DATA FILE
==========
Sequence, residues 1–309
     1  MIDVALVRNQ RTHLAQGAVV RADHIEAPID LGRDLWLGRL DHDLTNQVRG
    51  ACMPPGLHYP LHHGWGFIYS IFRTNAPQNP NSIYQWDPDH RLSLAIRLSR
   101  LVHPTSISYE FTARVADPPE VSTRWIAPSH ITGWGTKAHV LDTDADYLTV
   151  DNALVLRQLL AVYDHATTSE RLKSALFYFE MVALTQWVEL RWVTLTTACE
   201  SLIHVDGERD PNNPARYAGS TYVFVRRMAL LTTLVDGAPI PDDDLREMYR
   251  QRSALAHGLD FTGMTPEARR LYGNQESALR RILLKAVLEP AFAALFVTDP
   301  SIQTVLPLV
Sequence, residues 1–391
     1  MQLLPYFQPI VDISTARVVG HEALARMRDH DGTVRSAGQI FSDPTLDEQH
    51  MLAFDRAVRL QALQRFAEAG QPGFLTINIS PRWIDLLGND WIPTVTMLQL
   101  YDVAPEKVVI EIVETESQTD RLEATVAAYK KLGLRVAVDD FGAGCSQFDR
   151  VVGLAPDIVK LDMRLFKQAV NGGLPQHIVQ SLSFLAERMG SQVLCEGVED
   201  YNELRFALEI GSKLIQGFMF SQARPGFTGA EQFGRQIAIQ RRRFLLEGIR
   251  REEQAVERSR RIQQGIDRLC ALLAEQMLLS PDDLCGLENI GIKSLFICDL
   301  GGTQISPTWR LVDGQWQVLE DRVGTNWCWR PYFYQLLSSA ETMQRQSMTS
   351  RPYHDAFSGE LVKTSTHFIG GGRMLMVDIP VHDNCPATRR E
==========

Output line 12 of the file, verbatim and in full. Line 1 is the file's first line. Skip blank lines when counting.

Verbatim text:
   101  YDVAPEKVVI EIVETESQTD RLEATVAAYK KLGLRVAVDD FGAGCSQFDR